FORMER UN secretary general Kofi Annan says long serving African leaders were unnecessarily exposing their regimes to military coups in their countries if they continued clinging to power.
Speaking to the media at the 5th Tana High-Level Forum on Security in Africa (http://www.TanaForum.org), Annan urged leaders to leave office when their time was up.
“I think Africa has done well, by and large the coups have more or less ended, generals are remaining in their barracks, but we are creating situations which may bring them back,” the Nobel laureate said.
“If a leader doesn’t want to leave office, if a leader stays on for too long, and elections are seen as being gamed to suit a leader and he stays term after term after term, the tendency may be the only way to get him out is through a coup or people taking to the streets.
“Neither approach can be seen as an alternative to democracy, to elections or to parliamentary rule. Constitutions and the rules of the game have to be respected.”
Annan, the keynote speaker at the forum this year urged African leaders to abandon their winner-take-all systems he said have tended to fuel conflicts on the continent as the opposition demanded a say in the running of national affairs.
The chair of the Africa Progress Panel and the Nelson Mandela-founded The Elders grouping, said he had been the first to tell the African Union not to accept coup leaders among their midst during a heads of state summit in Lusaka in 2001.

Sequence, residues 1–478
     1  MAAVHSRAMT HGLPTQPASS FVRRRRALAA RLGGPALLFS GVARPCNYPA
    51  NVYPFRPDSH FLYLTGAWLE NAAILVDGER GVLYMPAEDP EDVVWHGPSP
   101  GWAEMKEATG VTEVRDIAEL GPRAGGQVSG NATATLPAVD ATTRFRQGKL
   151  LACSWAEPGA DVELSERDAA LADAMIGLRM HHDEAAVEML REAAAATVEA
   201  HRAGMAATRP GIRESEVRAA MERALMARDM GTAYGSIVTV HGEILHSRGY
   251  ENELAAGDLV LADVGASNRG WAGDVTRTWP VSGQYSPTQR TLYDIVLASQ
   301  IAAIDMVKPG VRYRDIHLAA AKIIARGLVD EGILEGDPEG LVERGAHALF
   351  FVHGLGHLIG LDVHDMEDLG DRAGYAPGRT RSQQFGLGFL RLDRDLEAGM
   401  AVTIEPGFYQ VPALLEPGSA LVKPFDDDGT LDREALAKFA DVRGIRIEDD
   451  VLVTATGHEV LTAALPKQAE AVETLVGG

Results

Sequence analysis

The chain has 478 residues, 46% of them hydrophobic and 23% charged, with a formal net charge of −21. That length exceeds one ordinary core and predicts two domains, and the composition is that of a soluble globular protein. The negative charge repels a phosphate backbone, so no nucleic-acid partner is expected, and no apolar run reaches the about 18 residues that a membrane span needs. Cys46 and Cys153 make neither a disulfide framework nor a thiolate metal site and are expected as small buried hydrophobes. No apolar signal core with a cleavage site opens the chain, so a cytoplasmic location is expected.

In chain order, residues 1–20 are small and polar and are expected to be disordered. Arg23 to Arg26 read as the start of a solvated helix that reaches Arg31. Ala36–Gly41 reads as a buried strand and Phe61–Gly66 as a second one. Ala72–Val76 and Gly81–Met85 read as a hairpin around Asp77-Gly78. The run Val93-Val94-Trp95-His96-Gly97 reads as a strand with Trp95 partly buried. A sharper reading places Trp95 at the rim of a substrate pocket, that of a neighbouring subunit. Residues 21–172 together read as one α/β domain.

Annan’s comments would immediately ring a bell among Zimbabweans who have a president still clinging to power at the age of 92.
President Robert Mugabe has also warned those firming up to succeed him to back off, insisting he will run for yet another term when the country holds the next elections in 2018.
Zimbabwe’s founding leader insists he was still fit enough to continue holding the country’s most influential job.
Annan, together with the Elders group which comprised former US President Jimmy Carter and former Mozambican first lady Graca Machel, were barred from entering Zimbabwe during the height of the country’s cholera outbreak in 2008.
The three were due to arrive in Zimbabwe during the time to assess what was then a worsening humanitarian crisis.
Millions of Zimbabweans then were facing food shortages, while the country’s educational and health systems were fast grinding to a halt with the cholera wreaking havoc.
“Millions of people are in need of help in Zimbabwe,” Annan said in a statement then as the esteemed group was holed up in South Africa.
“We want to use our influence to increase the flow of assistance, immediately and in the longer term, to stop the terrible suffering. We are here to show solidarity with the people of Zimbabwe and to assure them that they are not alone.”
Meanwhile, in his latest comments on Africa, Annan said solutions to the continent’s problems must come from within. However, he continued, the continent must generate capacity to do so, including financing its institutions.
“We cannot always pass a hat around and insist we want to be sovereign, we want to be independent. We should lead and get others to support us – that support will be much more forthcoming when they see how serious and committed we are,” he said.
- New Zimbabwe